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AIMS: Multilocus sequence typing (MLST) was used to examine the diversity and population structure of Campylobacter jejuni isolates associated with sporadic cases of gastroenteritis in Australia, and to compare these isolates with those from elsewhere. METHODS AND RESULTS: A total of 153 Camp. jejuni isolates were genotyped. Forty sequence types (STs) were found, 19 of which were previously undescribed and 21 identified in other countries. The 19 newly described STs accounted for 43% of isolates, 16 of which were assigned to known clonal complexes. Eighty-eight percent of isolates were assigned to a total of 15 clonal complexes. Of these, four clonal complexes accounted for 60% of isolates. Three STs accounted for nearly 40% of all isolates and appeared to be endemic, while 21 STs were represented by more than one isolate. Seven infections were acquired during international travel, and the associated isolates all had different STs, three of which were exclusive to the travel-acquired cases. Comparison of serotypes among isolates from clonal complexes revealed further diversity. Eight serotypes were identified among isolates from more than one clonal complex, while isolates from six clonal complexes displayed serotypes not previously associated with those clonal complexes. CONCLUSIONS: Multilocus sequence typing is a useful tool for the discrimination of subtypes and examination of the population structure of Camp. jejuni associated with sporadic infections. SIGNIFICANCE AND IMPACT OF THE STUDY: This study highlights the genotypic diversity of Camp. jejuni in Australia, demonstrating that STs causing disease have both a global and a local distribution evident from the typing of domestically and internationally acquired Camp. jejuni isolates.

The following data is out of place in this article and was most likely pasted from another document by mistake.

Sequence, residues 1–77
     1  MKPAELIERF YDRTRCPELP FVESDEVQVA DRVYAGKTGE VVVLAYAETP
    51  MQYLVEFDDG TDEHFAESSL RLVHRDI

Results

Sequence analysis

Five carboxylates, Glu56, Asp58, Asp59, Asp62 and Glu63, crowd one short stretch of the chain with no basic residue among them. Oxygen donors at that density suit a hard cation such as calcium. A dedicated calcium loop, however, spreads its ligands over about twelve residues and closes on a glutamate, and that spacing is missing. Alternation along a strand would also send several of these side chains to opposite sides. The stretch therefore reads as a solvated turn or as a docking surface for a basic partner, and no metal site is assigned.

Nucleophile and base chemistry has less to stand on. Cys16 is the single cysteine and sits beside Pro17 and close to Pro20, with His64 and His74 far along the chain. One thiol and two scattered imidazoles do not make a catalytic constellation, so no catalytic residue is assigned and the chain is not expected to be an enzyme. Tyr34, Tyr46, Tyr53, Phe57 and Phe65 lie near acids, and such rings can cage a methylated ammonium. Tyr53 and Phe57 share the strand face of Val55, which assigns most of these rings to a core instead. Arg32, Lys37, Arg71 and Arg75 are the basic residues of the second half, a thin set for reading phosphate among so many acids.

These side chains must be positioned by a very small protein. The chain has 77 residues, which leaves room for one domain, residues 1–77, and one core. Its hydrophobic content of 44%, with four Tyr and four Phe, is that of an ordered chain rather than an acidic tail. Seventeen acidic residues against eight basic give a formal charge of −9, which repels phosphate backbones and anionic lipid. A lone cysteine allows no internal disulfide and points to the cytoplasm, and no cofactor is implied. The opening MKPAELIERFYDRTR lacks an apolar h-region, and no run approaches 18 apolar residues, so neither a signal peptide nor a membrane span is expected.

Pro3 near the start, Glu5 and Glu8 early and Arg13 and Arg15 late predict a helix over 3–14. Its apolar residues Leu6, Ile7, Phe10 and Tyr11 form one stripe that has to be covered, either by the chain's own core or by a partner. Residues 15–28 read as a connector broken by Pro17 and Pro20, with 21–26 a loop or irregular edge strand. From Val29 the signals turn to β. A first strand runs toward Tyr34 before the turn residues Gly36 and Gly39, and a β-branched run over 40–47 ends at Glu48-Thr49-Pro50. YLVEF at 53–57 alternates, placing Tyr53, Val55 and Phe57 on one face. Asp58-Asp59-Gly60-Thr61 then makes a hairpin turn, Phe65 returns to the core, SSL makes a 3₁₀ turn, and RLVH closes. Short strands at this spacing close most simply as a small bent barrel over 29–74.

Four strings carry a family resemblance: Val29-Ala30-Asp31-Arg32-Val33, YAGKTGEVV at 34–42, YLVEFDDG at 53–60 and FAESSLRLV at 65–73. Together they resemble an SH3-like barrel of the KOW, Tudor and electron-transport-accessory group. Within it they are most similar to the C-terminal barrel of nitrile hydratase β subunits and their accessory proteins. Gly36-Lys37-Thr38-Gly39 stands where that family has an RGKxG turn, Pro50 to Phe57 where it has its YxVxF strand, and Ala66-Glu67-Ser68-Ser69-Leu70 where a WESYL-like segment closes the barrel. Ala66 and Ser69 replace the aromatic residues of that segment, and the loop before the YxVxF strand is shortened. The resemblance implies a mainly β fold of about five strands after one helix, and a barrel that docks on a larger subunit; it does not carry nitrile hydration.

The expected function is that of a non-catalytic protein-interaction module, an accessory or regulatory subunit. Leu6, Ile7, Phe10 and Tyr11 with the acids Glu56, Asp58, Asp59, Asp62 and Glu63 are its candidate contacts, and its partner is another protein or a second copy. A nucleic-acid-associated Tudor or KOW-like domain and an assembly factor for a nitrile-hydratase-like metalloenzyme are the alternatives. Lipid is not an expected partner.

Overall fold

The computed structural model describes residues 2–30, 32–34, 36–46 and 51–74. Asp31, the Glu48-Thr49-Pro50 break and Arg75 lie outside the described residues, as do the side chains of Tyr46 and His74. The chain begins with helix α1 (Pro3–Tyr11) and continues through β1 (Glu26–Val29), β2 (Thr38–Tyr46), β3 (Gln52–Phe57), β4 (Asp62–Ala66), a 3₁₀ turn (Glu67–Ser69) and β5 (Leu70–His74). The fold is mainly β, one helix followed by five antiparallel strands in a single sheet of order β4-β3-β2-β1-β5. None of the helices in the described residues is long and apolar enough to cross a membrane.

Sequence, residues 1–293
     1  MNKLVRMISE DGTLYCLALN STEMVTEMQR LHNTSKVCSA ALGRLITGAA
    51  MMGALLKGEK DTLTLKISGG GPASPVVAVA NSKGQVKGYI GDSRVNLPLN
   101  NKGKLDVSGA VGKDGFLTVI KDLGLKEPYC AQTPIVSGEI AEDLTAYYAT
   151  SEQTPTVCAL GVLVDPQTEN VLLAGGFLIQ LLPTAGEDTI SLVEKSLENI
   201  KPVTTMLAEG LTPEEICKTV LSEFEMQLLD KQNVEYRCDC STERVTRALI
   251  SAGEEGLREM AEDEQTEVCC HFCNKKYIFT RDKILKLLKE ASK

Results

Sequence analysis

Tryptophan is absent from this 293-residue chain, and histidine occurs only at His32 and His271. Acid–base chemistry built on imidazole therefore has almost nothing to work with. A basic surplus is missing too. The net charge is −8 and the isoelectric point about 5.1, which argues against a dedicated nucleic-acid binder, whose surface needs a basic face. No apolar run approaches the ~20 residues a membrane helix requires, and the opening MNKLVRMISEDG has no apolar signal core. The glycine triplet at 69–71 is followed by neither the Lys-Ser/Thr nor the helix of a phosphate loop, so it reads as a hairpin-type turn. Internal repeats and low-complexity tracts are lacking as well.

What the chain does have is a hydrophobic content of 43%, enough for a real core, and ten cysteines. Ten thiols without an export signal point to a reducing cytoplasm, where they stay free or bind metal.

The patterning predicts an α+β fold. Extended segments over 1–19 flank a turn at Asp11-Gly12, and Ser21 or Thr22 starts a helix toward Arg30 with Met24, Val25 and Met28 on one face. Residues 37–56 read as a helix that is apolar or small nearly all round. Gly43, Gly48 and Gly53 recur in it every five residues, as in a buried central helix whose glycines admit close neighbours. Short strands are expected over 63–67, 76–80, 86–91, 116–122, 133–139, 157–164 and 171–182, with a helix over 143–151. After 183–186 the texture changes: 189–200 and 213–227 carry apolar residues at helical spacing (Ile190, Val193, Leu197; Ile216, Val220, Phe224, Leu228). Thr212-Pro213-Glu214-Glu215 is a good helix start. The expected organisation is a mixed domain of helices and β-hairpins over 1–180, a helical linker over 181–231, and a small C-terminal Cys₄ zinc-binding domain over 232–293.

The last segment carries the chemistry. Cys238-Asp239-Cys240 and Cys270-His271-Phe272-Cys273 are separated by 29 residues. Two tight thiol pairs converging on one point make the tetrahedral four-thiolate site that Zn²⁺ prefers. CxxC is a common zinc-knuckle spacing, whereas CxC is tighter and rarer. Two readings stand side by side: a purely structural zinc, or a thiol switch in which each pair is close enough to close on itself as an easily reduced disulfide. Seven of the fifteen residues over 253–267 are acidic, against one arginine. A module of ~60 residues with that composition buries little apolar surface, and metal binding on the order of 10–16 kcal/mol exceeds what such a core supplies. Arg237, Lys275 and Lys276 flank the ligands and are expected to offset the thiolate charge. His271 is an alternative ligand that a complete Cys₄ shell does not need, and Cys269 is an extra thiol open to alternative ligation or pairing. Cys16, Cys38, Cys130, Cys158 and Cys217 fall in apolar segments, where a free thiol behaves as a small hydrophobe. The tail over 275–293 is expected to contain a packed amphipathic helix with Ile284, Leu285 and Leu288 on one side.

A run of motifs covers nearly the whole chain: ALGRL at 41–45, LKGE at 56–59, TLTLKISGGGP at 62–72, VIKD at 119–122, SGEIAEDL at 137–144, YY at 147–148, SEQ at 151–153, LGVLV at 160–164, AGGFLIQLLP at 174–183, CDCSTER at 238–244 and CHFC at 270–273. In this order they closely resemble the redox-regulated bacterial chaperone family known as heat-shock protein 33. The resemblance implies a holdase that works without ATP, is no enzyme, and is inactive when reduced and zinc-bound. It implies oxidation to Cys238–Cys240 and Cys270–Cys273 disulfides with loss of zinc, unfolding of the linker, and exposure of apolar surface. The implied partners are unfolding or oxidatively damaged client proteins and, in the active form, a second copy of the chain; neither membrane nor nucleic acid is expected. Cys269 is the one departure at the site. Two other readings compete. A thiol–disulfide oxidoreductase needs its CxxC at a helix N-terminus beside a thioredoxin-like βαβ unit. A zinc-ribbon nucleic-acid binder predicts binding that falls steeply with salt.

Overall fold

Original publication

DOI

10.1111/j.1365-2672.2006.03049.x

Type

Journal article

Journal

J Appl Microbiol

Publication Date

01/2007

Volume

102

Pages

144 - 152

Keywords

Bacterial Typing Techniques, Base Sequence, Campylobacter Infections, Campylobacter jejuni, Case-Control Studies, DNA, Bacterial, Feces, Gastroenteritis, Humans, New South Wales, Polymerase Chain Reaction, Seasons, Serotyping, Travel